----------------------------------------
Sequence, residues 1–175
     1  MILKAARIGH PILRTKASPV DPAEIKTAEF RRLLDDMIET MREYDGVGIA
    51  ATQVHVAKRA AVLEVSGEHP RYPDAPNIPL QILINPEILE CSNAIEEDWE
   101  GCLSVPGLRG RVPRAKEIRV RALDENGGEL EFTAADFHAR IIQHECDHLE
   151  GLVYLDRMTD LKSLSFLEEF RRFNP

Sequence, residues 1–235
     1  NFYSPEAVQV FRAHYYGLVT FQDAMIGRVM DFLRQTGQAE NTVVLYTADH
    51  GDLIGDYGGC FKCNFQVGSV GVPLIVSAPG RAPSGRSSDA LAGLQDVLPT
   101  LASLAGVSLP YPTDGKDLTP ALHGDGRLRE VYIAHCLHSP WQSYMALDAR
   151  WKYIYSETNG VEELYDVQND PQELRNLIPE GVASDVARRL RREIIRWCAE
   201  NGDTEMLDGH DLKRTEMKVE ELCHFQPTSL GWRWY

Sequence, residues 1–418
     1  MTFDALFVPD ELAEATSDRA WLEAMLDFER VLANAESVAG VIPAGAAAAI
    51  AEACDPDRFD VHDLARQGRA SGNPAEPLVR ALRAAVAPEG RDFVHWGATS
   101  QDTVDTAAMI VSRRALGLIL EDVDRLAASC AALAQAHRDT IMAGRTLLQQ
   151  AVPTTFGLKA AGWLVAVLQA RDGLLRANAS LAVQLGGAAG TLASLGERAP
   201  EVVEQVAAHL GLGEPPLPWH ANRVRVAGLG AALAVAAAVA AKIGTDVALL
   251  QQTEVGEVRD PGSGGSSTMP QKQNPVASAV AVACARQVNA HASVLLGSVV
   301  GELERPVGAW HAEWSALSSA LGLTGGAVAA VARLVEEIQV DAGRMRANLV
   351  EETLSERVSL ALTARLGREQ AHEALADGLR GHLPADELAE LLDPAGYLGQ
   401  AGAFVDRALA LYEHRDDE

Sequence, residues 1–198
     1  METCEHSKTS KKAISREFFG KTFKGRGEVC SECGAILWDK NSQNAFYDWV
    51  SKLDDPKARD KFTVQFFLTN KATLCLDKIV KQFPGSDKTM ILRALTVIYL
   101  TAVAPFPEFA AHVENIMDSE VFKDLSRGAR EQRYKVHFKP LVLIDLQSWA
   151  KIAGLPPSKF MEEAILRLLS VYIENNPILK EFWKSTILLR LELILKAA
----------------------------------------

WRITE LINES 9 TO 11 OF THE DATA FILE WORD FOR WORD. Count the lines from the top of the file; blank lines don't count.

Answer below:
   101  LASLAGVSLP YPTDGKDLTP ALHGDGRLRE VYIAHCLHSP WQSYMALDAR
   151  WKYIYSETNG VEELYDVQND PQELRNLIPE GVASDVARRL RREIIRWCAE
   201  NGDTEMLDGH DLKRTEMKVE ELCHFQPTSL GWRWY